An Open Letter To Manchester Metropolitan University - Save Ryebank Fields!
Dear Vice Chancellor Malcolm Press, Head of Estates Mike Sheppard, The Board of Governors and all members of Manchester Metropolitan University Management,

Ryebank Fields is a well loved green space in Chorlton (at M21 9WW). Manchester Metropolitan were gifted this land by the Council over 40 years ago in order to be used as playing fields. After The University stopped using the fields, they have flourished as a rare wild space, developing important biodiversity including more than 1,400 trees and over 60 species of bird.

Manchester Metropolitan University intends to sell the land to private housing developers for a proposal of 120 properties. This would destroy the wildlife and remove this green space from the community. Not only that, but the trees and grasses actively trap carbon dioxide, and absorb rain water improving local air quality,reducing flood risk and protecting against climate change globally. Manchester severely lacks green space especially wild green space which is critically important to biodiversity.

Ryebank Fields is home to the Nico Ditch, an ancient Anglo-Saxon borderline. Manchester Metropolitan University is lucky to be the custodian of one of the few remaining sections. Selling this land to private developers would put the future of this historically important feature at risk.

Ryebank Fields has the potential to be an asset hugely valuable to our education with little or no cost to yourselves. The sale and destruction of the fields is equivalent to the sale and destruction of the resources of the art school.

The local community have been campaigning to save Ryebank Fields for years. The land has a rich history and holds the memories of a community. Children who grew up playing on the fields now have children of their own. These children should have the opportunity to grow and learn in nature and it should not be taken away from them. Forest schools have used the fields for hands on learning and the local school has used the fields for art workshops.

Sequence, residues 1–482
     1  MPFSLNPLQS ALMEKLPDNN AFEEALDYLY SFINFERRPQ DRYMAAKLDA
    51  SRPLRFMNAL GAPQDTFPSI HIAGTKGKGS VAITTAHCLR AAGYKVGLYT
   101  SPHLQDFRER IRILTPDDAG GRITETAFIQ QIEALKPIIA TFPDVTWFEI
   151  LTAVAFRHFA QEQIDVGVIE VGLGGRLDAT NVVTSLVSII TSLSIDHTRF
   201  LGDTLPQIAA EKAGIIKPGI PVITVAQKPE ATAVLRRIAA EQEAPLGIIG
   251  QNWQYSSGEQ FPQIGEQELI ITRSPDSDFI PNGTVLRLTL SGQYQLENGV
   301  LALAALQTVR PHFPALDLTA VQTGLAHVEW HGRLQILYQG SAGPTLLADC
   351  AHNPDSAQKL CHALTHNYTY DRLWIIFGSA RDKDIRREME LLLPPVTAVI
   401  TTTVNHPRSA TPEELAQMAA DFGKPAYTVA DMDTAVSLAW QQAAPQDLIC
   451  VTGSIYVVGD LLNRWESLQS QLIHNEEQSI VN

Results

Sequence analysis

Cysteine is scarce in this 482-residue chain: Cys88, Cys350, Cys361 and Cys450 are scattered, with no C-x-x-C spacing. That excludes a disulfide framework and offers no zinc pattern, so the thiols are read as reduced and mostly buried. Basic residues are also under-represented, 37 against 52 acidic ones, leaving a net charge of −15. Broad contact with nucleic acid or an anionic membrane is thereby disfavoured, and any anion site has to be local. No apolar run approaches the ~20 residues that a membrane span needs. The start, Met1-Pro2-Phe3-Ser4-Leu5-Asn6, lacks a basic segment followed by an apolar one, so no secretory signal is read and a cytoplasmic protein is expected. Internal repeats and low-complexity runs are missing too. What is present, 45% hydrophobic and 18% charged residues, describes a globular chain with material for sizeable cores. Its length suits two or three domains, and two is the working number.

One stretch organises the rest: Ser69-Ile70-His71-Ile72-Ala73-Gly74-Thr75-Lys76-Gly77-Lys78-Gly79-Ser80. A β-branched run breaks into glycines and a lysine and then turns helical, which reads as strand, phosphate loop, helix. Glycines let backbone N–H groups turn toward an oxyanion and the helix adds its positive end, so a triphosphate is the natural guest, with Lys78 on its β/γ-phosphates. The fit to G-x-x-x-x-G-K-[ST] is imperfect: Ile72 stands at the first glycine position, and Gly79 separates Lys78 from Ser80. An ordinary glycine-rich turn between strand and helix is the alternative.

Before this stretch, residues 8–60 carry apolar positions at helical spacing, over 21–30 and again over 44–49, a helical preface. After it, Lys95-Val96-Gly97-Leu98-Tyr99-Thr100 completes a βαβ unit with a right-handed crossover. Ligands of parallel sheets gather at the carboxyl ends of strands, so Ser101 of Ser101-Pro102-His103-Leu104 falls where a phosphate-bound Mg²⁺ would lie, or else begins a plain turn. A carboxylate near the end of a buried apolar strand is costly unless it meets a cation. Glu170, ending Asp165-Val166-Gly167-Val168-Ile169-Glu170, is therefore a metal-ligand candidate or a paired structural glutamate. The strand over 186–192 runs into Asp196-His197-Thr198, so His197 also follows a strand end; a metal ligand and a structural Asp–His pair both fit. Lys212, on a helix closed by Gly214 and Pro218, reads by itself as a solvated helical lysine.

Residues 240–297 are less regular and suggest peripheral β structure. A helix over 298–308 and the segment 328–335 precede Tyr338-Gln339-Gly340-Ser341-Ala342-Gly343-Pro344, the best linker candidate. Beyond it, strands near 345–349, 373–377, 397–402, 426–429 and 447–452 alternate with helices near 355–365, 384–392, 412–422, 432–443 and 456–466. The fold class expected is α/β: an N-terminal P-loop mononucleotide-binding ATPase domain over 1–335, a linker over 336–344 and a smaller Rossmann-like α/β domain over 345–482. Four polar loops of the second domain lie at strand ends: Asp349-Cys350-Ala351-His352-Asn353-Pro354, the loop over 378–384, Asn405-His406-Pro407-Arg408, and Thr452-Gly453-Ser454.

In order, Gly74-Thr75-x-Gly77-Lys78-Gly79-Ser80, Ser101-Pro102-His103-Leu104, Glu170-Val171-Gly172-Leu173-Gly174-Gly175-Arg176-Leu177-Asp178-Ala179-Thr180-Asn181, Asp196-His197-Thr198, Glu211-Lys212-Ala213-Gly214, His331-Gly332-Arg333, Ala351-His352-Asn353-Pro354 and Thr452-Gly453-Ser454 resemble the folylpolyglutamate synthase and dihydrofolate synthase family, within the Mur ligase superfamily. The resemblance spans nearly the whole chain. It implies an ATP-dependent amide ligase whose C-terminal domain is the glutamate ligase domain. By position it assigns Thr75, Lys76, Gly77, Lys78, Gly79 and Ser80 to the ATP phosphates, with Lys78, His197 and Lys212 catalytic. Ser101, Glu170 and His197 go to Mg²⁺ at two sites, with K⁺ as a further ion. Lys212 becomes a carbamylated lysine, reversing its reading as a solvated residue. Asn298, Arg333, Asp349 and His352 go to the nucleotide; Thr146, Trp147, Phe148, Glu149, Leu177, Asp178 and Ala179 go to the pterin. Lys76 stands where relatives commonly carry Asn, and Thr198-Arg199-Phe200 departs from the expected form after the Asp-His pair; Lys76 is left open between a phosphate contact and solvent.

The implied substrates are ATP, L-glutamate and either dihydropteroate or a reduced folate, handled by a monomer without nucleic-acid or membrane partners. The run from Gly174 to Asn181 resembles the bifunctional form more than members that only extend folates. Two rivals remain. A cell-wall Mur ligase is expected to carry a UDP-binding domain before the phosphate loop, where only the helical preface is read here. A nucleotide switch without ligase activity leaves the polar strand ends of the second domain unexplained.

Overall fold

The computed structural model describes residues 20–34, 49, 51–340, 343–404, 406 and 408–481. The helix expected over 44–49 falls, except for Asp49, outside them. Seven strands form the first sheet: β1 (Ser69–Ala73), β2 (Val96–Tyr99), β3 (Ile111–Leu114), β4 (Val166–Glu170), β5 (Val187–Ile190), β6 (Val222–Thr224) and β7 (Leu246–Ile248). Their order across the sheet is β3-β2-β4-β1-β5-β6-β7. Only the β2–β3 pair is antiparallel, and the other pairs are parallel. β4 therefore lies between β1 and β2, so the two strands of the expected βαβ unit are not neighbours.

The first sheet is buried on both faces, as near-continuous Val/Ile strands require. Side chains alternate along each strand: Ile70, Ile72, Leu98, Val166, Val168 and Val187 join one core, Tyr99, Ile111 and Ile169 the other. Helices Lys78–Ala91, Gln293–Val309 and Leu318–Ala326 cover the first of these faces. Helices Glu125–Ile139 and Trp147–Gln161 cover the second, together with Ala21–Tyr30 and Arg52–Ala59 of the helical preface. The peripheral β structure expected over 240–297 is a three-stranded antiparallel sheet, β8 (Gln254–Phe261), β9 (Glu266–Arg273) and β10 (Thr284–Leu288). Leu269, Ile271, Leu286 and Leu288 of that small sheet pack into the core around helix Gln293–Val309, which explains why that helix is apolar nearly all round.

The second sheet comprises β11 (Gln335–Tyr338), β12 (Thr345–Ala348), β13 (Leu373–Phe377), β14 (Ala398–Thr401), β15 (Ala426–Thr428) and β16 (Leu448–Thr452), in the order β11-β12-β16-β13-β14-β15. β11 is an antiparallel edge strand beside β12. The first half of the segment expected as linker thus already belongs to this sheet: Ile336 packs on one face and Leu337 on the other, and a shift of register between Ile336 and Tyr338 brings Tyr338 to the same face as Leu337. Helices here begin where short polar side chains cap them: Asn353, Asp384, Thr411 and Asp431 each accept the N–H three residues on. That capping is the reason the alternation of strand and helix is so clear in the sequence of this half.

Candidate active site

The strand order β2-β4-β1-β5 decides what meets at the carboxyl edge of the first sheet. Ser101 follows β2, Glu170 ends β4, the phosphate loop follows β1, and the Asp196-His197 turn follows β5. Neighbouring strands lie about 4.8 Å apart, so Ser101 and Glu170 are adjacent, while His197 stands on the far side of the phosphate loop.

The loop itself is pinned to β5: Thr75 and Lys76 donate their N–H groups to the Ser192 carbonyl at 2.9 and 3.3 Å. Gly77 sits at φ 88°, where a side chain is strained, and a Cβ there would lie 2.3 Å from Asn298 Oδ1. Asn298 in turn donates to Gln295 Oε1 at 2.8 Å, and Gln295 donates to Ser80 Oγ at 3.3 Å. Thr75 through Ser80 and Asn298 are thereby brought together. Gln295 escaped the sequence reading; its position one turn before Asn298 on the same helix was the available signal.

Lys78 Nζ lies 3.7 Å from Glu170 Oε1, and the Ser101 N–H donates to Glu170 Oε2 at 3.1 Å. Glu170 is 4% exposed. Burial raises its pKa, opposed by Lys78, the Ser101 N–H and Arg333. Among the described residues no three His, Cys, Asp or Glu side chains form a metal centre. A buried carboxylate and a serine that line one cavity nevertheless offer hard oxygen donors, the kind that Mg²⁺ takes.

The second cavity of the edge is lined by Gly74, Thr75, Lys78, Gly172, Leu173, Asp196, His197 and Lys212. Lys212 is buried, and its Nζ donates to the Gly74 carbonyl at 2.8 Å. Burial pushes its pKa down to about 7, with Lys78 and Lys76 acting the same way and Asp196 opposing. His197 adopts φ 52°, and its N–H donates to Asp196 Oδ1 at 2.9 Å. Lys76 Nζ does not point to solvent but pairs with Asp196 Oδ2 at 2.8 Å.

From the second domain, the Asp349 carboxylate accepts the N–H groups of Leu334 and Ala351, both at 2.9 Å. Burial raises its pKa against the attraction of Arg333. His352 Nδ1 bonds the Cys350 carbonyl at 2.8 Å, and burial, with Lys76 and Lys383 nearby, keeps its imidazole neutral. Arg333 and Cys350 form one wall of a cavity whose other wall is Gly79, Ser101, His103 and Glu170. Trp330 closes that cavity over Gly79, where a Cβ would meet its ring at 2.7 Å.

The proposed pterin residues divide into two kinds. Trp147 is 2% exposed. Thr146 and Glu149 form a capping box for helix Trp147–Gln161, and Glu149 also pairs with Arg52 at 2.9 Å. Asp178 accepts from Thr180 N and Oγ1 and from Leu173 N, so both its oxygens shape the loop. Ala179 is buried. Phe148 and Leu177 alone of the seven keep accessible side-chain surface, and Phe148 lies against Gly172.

This is part of a larger problem of land privatisation. Over half of our public land has been privatised since 1980. As an institute of learning, MMU should lead the way against land privatisation and protect this land for the people of Chorlton and the student community.

Manchester Metropolitan has received awards for being the UKs greenest university, something the university publicises widely. However, if you are truly committed to the environment, you would not be actively destroying wild green space.

Chasing the income from the sale is part of a national problem of marketisation of education. Manchester Metropolitan is conducting itself like a private business rather than a public ‘charitable’ institution. You should use this decision as an opportunity to show that this university puts education, community and wellbeing first.

The fields should be kept under the stewardship of Manchester Met for the benefit of student's education and wellbeing. Having this space to direct students to through the wellbeing services would be hugely beneficial. The wildlife society, biology course, and biology and conservation course could do practical field studies and observations. The history department could study the Nico Ditch. Business School students and graduates could run pop-up businesses there. The art school could hold excursions for drawing and painting classes and land-based works.

The value of the fields to our education and our planet far outweighs the monetary gain from selling the fields. We urge you to listen to the voice of the student body and not sell Ryebank Fields to private developers but keep it as a wild green space.

Signed by

People & Planet Society MMU
Marxist Society MMU
Jessica Peach, MMU Student, People & Planet society & society of landscape architecture
Nick Hallsworth, MMU Marxist Society
Josie Tothill, MMU Marxist Society
Dalton Samuels
Hanna Mirza, YSJ Environmental Society
Julie Ryan, Local Resident to Ryebank Fields, Friends of Ryebank Fields
Dr Anna Fryer, Local Resident to Ryebank Fields
Sally Williams, Local Resident to Ryebank Fields
Ruth Conlock, Local Resident to Ryebank Fields
Neil Conlock, Local Resident to Ryebank Fields, Lancashire Wildlife Trust
Melanie Kettle, Local Resident to Ryebank Fields, Friends of Turn Moss
Steffeny Wright, I am a former MMU student and until recently lived nearby
Lily Kroese, Student of MMU
Rebecca McLean, Local Resident to Ryebank Fields
Bernadette Morrison
Karen Pertoldi, Local Resident to Ryebank Fields
George Long I grew up opposite fields, mother still lives in same house on Longford Road
Gary Rochford
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